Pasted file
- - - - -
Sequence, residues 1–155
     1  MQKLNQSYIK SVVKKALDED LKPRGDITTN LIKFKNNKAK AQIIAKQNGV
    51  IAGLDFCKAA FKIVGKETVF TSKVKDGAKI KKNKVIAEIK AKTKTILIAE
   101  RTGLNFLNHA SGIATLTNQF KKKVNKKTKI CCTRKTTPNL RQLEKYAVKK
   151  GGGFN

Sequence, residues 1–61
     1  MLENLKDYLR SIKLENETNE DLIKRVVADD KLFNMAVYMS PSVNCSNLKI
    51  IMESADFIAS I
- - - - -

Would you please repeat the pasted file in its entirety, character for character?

Sequence, residues 1–155
     1  MQKLNQSYIK SVVKKALDED LKPRGDITTN LIKFKNNKAK AQIIAKQNGV
    51  IAGLDFCKAA FKIVGKETVF TSKVKDGAKI KKNKVIAEIK AKTKTILIAE
   101  RTGLNFLNHA SGIATLTNQF KKKVNKKTKI CCTRKTTPNL RQLEKYAVKK
   151  GGGFN

Sequence, residues 1–61
     1  MLENLKDYLR SIKLENETNE DLIKRVVADD KLFNMAVYMS PSVNCSNLKI
    51  IMESADFIAS I